Division of Security Operations
Demonstrating an intense focus, stealth, and military-style tactics, a team moves in concert to destroy a specific target. The team plans and executes each action with deliberate purpose. Who are they? What are they after? This could easily be mistaken for any civilian war-game.
But this is no game. This is an important part of the inspection program for one of the nation’s most critical assets — commercial nuclear power plants.
These mock attacks, called force-on-force exercises, are one time when the so-called “bad guys” are part of the plan. Known as the national “Composite Adversary Force,” or CAF, they are usually security professionals from other nuclear plants across the country. CAF members complete a rigorous selection process and training to prepare them for this two-year assignment.
At each site, the CAF attempts to gain access to and destroy its target — equipment that if compromised could impact the safety of the plant and the surrounding community. The “attackers” normally use various routes, methods of entry and tactics to challenge the ability of the plant’s security force to protect the facility. Security forces must be able to defend the site against a standard set of characteristics called the “design basis threat,” or DBT. Specific details of the DBT are not disclosed, for obvious reasons, but the DBT’s scope is laid out in the NRC’s regulations.
The simulated attacks occur over two days and nights, but the full inspection lasts two weeks. During the first week, NRC inspectors have unrestricted access to the site. The inspectors take multiple tours and review the site’s protective strategy and security plan. The inspection team works with the CAF to develop mission plans for a second trip to the site, called the exercise week.
During the exercise week, the CAF performs two mock assaults on the site. The full inspection concludes with a management critique after the last exercise. Senior management at the site participate in these critiques to use lessons from the exercises to help improve the overall security program. Any vulnerabilities identified are addressed before the NRC inspectors leave.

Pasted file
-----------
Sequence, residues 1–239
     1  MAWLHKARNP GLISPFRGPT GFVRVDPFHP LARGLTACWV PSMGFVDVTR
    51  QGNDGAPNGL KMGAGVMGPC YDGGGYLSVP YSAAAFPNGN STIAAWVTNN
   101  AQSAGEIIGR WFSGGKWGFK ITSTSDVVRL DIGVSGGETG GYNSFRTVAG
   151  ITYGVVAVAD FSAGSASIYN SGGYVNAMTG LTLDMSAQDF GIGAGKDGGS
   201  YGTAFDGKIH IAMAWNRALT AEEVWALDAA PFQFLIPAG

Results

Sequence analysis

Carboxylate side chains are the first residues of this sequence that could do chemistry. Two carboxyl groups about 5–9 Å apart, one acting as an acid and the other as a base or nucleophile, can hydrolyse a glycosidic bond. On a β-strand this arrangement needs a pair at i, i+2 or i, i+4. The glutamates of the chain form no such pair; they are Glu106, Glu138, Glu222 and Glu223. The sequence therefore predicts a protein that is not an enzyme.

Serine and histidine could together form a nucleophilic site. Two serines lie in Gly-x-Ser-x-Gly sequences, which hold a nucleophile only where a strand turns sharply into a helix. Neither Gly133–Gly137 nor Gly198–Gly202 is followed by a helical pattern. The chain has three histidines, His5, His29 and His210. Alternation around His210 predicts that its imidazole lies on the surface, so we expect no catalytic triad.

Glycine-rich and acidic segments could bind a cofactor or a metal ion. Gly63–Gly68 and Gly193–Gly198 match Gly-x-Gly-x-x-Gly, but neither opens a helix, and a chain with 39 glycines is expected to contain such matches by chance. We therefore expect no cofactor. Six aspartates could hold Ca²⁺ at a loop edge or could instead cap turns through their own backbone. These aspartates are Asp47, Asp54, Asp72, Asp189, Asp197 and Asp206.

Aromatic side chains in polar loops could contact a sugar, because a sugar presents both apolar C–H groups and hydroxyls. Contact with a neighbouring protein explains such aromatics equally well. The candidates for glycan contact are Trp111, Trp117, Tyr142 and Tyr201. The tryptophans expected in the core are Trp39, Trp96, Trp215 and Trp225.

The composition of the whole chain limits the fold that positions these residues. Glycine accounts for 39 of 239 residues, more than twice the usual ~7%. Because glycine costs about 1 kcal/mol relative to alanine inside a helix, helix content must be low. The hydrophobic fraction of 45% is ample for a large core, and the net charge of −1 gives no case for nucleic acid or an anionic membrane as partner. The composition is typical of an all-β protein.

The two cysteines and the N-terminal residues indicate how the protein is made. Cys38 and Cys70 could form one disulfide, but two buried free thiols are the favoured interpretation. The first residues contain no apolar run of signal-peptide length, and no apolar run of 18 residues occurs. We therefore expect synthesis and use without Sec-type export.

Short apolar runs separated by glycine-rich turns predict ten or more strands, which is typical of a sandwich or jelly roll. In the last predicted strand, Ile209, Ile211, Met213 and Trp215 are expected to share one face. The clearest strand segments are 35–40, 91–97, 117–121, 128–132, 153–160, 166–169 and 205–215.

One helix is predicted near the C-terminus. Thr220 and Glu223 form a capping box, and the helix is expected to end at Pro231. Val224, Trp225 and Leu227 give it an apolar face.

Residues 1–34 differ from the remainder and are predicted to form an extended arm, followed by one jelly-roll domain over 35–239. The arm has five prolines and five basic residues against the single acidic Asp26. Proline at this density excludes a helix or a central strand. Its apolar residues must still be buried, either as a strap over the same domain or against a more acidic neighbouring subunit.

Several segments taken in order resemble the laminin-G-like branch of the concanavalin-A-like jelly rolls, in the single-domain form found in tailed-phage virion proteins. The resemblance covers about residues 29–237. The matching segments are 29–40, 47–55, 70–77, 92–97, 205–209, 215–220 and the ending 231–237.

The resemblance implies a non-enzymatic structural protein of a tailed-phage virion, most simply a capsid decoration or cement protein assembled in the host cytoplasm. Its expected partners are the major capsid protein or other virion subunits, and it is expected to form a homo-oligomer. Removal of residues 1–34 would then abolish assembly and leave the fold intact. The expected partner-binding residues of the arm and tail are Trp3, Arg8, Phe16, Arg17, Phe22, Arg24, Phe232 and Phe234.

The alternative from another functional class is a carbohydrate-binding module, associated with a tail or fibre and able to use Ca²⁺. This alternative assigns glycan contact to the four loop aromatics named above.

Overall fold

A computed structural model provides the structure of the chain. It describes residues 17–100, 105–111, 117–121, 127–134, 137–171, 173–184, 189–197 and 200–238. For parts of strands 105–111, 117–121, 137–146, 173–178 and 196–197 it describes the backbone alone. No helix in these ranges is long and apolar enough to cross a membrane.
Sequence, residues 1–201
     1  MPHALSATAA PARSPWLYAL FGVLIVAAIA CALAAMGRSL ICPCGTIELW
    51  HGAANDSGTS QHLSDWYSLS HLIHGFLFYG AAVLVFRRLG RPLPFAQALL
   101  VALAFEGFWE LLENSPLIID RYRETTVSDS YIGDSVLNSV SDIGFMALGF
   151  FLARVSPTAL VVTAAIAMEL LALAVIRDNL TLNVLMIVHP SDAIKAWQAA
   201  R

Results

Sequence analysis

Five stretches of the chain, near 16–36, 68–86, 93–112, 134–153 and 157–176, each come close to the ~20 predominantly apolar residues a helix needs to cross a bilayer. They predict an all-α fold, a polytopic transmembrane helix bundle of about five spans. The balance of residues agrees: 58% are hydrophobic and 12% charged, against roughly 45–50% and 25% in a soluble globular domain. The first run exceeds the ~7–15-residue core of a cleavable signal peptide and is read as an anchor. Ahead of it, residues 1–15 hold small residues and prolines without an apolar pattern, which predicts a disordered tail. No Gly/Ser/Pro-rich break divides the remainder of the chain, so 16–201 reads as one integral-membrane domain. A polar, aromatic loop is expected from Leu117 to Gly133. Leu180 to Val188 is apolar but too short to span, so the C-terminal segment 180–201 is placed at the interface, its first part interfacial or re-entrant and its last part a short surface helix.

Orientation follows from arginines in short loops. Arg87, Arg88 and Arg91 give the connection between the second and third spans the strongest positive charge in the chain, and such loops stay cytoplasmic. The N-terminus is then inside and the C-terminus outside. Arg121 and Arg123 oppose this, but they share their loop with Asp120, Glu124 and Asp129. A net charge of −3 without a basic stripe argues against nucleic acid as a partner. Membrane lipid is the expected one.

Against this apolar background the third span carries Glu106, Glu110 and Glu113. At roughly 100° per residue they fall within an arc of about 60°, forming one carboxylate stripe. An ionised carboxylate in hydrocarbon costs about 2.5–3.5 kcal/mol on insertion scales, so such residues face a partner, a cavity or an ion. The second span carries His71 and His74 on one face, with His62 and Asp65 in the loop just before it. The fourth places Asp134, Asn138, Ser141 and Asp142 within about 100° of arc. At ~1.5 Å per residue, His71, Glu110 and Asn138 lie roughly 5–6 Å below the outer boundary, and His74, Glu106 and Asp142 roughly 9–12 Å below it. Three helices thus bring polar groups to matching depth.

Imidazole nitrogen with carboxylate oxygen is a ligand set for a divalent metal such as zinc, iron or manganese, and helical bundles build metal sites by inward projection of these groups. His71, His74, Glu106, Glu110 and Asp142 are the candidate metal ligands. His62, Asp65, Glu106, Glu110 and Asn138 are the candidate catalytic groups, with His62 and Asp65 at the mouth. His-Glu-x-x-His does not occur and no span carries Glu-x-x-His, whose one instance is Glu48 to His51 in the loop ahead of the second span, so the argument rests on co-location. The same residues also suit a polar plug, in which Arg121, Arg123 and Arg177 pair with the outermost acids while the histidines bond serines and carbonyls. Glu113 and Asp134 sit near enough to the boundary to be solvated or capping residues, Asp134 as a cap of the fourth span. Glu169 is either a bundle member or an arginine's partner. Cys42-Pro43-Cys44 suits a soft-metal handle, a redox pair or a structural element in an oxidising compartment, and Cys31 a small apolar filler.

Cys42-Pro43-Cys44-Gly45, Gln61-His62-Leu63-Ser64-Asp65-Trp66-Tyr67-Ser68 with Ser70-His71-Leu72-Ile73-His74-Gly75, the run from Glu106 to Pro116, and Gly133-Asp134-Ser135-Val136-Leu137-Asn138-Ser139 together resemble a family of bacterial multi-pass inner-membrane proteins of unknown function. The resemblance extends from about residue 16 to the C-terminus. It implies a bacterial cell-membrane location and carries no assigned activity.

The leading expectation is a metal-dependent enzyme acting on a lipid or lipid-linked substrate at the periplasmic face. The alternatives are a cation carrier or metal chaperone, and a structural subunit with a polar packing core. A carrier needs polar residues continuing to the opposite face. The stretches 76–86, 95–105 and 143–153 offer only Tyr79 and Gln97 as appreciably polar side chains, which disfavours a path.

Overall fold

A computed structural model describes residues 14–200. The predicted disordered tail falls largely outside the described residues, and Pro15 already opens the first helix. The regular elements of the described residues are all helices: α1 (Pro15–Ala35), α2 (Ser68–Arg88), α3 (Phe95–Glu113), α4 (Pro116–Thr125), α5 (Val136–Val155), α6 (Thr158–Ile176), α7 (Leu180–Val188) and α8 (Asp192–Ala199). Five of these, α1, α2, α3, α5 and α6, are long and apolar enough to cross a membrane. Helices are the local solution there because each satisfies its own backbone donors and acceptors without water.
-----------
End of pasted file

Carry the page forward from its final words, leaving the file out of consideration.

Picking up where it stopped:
The NRC has been conducting force-on-force exercises since 1991, but they were significantly modified after the Sept. 11, 2001, attacks. The NRC conducts a force-on-force inspection at each nuclear power plant every three years. The NRC inspection teams are drawn from a diverse group. A core team of NRC headquarters staff is augmented by NRC regional and resident inspectors and active duty military members from the U.S. Special Operations Command.
You may not have heard much about the specific details or results of the force-on-force program due to its security-sensitive nature. Simply put, the NRC doesn’t want the real bad guys to obtain information about the security strategies and plans at the plants.
The force-on-force inspection is part of the baseline inspection process, which the NRC uses to provide an overall assessment of safety and security for each plant. While the specific details of security inspection findings or violations are not made public, overall site performance under the reactor oversight process is made available through the NRC’s website.
The NRC will continue to explore ways to enhance the force-on-force program and will announce future meetings on possible enhancements as they occur. More information on force-on-force inspections is available in the NRC’s backgrounder. General information on nuclear power plant security requirements is also on the NRC’s website.